This subproject is one of many research subprojects utilizing the resources provided by a Center grant funded by NIH/NCRR. Primary support for the subproject and the subproject's principal investigator may have been provided by other sources, including other NIH sources. The Total Cost listed for the subproject likely represents the estimated amount of Center infrastructure utilized by the subproject, not direct funding provided by the NCRR grant to the subproject or subproject staff. Objective: To assess the systemic and mucosal pharmacokinetics of antibody PG9. Most successful anti-viral vaccines induce neutralizing antibodies, which are typically a strong correlate of protection. For HIV, it has been shown that passive transfer of neutralizing antibodies can provide protection against viral challenge in the best available animal models. Therefore, it is widely argued that the elicitation of a neutralizing antibody response will be a crucial component of an effective vaccine against HIV. Such antibodies should be broadly neutralizing given the diversity of viruses to which a vaccinee may be exposed. The antibody PG9 displays a remarkable combination of breadth and potency that suggests that vaccine-induced antibodies of this type would likely provide protection at serum concentrations that would be achievable by vaccination. Thus, PG9 will likely be useful reagent for understanding Env structure, conformation, and function. These studies have, in particular, illuminated the potential of conserved regions of the V2 and V3 loop of gp120 to serve as a target for immunogen design. PROGRESS: Two animals were passively infused with the PG9 antibody. Blood and mucosal antibody levels were determined by sampling for 14 days following passive infusion. The obtained results confirmed the transport of the antibodies into the mucosal lumen. Data from this study will be used in the final protocol design for the passive infusion in SHIV viral challenge studies. This research used Animal Services, CPI and Immunology Services. PUBLICATIONS: None.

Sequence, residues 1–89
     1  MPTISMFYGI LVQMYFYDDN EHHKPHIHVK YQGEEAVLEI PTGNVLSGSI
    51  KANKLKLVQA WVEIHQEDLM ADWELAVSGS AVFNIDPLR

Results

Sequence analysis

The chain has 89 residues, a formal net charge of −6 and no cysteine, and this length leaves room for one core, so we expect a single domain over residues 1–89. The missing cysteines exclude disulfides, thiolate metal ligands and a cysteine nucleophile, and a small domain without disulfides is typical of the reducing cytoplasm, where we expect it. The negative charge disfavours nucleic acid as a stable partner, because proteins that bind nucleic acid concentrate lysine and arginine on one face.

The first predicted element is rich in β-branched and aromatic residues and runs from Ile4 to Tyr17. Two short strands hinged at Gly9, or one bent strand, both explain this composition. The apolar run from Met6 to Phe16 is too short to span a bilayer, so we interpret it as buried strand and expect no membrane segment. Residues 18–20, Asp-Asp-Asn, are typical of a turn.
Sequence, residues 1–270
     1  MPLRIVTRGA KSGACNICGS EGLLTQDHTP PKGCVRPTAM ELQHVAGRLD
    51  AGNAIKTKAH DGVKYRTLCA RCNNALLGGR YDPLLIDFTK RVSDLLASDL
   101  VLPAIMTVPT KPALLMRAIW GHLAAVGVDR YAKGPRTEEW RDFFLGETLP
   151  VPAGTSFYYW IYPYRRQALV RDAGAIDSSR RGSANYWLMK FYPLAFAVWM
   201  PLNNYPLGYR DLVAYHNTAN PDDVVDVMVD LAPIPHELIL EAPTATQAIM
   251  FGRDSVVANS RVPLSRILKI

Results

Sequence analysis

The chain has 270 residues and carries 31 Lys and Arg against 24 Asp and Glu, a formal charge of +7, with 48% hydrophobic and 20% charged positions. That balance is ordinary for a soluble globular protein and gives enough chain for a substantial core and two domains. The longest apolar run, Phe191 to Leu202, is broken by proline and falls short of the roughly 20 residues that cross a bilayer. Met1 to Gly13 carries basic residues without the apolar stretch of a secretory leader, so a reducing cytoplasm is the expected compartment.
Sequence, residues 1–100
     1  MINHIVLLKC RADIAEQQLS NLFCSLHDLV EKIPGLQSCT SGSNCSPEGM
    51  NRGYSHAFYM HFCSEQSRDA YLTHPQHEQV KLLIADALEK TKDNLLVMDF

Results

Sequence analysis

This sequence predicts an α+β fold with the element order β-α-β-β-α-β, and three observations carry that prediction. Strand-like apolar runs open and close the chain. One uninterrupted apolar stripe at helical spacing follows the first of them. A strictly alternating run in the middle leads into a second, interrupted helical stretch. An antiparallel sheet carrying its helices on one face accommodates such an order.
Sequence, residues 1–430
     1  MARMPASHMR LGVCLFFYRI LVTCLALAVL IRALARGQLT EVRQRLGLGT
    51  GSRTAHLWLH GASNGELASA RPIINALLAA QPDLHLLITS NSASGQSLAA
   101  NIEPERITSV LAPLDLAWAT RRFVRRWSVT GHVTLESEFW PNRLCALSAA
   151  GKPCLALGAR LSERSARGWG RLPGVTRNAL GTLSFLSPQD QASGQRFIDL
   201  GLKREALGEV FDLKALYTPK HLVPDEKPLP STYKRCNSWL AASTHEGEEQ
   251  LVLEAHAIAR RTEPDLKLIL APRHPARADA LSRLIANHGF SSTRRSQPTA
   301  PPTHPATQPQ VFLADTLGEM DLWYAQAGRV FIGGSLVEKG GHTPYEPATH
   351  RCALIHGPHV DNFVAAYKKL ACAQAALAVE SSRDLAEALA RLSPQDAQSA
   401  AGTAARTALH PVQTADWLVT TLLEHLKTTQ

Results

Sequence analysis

Agency
National Institute of Health (NIH)
Institute
National Center for Research Resources (NCRR)
Type
Primate Research Center Grants (P51)
Project #
5P51RR000167-50
Application #
8358246
Study Section
Special Emphasis Panel (ZRR1-CM-8 (01))
Project Start
2011-05-01
Project End
2012-04-30
Budget Start
2011-05-01
Budget End
2012-04-30
Support Year
50
Fiscal Year
2011
Total Cost
$13,093
Indirect Cost
Name
University of Wisconsin Madison
Department
Type
Other Domestic Higher Education
DUNS #
161202122
City
Madison
State
WI
Country
United States
Zip Code
53715
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